This is a wurfkreuz. Anyone who has every tried their hand at throwing an axe would know that a significant percentage of the time they just bump their handles into whatever unsuspecting tree or work colleague you throw them at. You've actually got to space yourself away from the target a specific distance to allow for one or more spins of the weapon so that the blade is just coming round when it meets the target. Not so with a wurfkreuz, these babies are designed to bite satisyingly every time they're thrown. I imagine them as being perfect assasination weapons, like the shuriken to which they are analogous, but still capable of standing up to melee in a pinch.
Unlike the wurfkreuz which is an antique, this hurlbat is a modern reproduction but it closely emulates its historical predecessors. I guess it is essentially the same weapon, just handier for splitting firewood. There are a wide variety of African weapons with similar qualities but a more fiendishly imaginative outlandish quality about them.
The Bohemian earspoon is infamous from its passing mention in one of the sacred texts of the Gygaxian Canon and is like the morning star, goedentag and holy water sprinkler, an unpleasant weapons with a jolly ironical name. Really it's just a winged spear, one of the more basic polearms and related to the ranseur/spetum family. But I cannot deny the pleasure of saying earspoon. Incidentally it's like the Lochaber axe and Lucerne hammer in having a real-world geographic reference as part of its name which I would drop but replace with something more fantasticated.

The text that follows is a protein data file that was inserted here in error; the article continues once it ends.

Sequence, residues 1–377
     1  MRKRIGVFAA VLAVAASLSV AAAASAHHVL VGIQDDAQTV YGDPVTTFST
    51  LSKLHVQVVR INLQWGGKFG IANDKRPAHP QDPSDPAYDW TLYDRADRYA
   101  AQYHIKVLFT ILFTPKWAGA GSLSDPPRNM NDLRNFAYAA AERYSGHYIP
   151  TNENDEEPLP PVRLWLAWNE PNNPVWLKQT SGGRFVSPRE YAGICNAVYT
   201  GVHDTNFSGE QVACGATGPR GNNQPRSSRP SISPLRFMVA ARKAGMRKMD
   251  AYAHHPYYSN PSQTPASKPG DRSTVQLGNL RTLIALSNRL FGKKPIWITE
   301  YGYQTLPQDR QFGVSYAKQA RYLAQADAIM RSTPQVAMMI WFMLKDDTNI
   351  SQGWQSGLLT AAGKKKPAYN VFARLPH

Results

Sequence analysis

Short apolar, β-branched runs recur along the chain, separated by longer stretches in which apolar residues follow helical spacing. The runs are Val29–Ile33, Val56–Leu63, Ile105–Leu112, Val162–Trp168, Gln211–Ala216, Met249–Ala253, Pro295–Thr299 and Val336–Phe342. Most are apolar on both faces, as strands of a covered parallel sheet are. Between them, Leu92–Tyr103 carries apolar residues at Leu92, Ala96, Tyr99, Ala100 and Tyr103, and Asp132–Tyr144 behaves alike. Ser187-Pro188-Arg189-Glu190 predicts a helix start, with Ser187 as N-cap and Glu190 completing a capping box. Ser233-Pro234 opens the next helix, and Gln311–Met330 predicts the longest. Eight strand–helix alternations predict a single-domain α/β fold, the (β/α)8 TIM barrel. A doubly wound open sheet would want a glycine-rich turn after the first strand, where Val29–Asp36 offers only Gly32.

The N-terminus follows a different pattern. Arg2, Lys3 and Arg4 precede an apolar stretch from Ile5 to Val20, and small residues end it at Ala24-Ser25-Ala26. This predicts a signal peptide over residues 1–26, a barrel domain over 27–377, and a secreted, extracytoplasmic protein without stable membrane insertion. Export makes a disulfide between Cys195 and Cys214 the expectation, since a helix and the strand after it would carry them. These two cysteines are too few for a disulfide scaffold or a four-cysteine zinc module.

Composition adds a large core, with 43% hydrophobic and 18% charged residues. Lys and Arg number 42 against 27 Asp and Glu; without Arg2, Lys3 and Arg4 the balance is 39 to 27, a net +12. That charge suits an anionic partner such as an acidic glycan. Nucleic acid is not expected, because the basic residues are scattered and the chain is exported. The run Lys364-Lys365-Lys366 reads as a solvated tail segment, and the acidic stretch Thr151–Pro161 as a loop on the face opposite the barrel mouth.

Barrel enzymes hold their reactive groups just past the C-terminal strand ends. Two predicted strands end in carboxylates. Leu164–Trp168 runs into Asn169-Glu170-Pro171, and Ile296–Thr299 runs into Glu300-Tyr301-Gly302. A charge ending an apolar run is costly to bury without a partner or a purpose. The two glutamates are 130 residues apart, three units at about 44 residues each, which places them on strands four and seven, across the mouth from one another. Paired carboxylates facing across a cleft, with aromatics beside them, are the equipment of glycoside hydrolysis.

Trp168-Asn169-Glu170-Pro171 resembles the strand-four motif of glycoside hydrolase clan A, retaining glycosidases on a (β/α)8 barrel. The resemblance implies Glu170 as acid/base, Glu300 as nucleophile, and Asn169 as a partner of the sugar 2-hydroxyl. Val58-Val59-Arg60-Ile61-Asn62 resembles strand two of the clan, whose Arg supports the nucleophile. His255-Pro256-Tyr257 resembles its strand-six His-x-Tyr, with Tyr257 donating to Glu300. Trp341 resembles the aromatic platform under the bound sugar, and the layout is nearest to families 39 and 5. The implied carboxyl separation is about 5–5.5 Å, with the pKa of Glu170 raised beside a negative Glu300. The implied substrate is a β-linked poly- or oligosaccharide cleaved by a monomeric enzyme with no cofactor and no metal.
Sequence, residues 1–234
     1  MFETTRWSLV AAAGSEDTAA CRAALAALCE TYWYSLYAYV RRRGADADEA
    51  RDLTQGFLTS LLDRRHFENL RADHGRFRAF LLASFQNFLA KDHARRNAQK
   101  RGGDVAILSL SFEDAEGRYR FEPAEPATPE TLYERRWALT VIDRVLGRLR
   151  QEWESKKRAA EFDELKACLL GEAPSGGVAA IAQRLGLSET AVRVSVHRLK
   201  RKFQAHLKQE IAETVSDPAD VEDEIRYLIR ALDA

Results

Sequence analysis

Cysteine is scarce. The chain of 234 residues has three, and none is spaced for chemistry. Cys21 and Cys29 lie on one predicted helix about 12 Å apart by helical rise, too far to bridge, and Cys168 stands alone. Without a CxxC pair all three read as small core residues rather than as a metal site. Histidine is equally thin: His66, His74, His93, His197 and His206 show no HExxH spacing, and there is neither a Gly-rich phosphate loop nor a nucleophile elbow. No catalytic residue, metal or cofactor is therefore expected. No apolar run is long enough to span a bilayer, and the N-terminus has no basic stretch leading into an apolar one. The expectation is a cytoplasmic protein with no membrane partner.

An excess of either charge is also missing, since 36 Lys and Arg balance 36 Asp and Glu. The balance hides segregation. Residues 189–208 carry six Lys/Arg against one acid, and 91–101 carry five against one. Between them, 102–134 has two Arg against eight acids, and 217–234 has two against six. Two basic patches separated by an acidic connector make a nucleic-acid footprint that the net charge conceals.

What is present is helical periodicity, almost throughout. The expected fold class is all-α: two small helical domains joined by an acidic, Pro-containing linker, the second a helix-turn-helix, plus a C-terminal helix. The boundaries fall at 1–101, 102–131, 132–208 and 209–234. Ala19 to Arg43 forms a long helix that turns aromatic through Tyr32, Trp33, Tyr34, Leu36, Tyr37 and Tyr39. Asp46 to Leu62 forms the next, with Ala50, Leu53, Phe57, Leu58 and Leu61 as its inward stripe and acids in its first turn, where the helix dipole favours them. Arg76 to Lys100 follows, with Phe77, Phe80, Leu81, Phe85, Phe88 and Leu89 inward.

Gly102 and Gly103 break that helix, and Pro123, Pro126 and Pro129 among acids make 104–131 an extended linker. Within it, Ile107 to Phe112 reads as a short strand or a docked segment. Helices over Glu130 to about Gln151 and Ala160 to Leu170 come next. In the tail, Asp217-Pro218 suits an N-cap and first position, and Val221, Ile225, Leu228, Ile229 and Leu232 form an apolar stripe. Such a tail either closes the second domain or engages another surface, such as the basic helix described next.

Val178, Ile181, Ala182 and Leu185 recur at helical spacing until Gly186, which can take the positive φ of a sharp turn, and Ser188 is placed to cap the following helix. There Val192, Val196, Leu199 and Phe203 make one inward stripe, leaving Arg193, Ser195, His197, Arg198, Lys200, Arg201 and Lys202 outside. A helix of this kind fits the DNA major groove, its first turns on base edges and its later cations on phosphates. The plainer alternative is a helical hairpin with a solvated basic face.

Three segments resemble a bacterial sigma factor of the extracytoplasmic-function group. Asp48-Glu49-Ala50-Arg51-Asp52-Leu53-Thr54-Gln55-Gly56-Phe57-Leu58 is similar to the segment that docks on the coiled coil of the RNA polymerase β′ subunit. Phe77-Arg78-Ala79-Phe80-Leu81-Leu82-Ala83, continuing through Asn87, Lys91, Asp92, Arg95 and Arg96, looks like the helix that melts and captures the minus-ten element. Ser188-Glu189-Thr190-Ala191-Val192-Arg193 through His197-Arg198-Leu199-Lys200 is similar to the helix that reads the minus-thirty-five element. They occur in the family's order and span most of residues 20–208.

I loves me a good Doloire, also called a waggoner's axe. It's more a utilitarian thing than a dedicated battle-axe. I was an enthusastic axe wielder as a re-enactor and my axes were always tiny little things, which was historically accurate (look up this climate-change denying, bad cardigan wearing, but reasonably astute otherwise prat on youtube for independent confirmation). But the Doloire was a big scary chunkily useful chomper used when absolutely necessary. And it is a thing of such profound rugged beauty I cannot help but want one.
As is often the case with historical reality, similar business ends are applied to different lengths of wood for different purposes. The doloire seems to have found use as an axe with a very short handle and as a big long polearm-y thing.
Here's a Pole or Lithuanian at Grunwald murderizing Teutonic Knights.
|Old matey in the green tabard's in some strife|
Anyway, the point to all this, other that to ogle voyeuristically at objects designed to deprive people of life and bodily function, is to begin to demonstrate the vast range of objects in the category of things which can be in your D&D game, and especially to investigate the possibility that there might be things around more engaging to the senses and to the imagination than magic swords of generic conventionality. I would be very interested to see more varied equipment lists and more varied accoutrements in rpg illustrations.